‘The Smallest Woman In The World’ by Clarice Lispector

The Smallest Woman In The World by Clarice Lispector, 1960

The magic trick:

Showing dark, depressing aspects of human nature through original storytelling and humor

This is yet another Lispector story that just makes you shake your head, marveling at how good, how original writing can be. I really didn’t have a sense of where the story was going at all for the first three-fourths of the text. There were so many potential themes, so many points to be made. Clarity arrives near the end when the perspective shifts to Little Flower, and we understand what love means to her. This becomes a story about the nature of love; about the nature of possession; about selfish, petty human nature. It’s never didactic, though. It’s always funny. Just brilliant stuff from a unique mind. And that’s quite a trick on Lispector’s part. 

The selection:

It was, therefore, thus, that the explorer discovered, standing there at his feet, the smallest human thing in existence. His heart beat because no emerald is as rare. Neither are the teachings of the sages of India as rare. Neither has the richest man in the world ever laid eyes on so much strange grace. Right there was a woman the gluttony of the most exquisite dream could never have imagined. That was when the explorer declared, shyly and with a delicacy of feeling of which his wife would never have judged him capable:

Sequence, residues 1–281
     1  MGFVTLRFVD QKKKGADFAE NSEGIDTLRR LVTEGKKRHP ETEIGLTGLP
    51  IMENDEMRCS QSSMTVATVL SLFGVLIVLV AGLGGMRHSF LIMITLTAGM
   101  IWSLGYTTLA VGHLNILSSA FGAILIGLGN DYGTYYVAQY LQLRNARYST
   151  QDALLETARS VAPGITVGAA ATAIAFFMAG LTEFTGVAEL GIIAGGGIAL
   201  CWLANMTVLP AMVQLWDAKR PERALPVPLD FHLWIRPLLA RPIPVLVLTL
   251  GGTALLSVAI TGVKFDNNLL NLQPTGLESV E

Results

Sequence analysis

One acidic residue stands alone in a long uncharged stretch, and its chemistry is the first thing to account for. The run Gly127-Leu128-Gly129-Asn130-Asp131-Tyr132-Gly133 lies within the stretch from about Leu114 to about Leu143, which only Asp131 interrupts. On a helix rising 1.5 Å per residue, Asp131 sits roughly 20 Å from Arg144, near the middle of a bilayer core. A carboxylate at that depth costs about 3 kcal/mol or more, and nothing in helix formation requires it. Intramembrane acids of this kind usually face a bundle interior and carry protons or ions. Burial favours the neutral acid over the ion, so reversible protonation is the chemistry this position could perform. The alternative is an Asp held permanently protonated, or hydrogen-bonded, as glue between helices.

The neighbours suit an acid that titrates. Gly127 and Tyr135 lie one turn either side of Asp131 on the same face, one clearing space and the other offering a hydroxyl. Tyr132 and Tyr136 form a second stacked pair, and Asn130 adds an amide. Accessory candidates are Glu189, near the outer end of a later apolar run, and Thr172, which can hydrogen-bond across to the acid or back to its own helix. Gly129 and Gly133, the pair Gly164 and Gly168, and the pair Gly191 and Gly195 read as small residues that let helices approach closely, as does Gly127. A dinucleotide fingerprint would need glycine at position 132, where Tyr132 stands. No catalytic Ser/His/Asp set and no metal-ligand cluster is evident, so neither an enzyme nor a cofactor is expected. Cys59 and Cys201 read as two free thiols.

“You are Little Flower.”

At that moment Little Flower scratched herself where a person doesn’t scratch. The explorer—as if receiving the highest prize for chastity to which a man, who had always been so idealistic, dared aspire—the explorer, seasoned as he was, averted his eyes.


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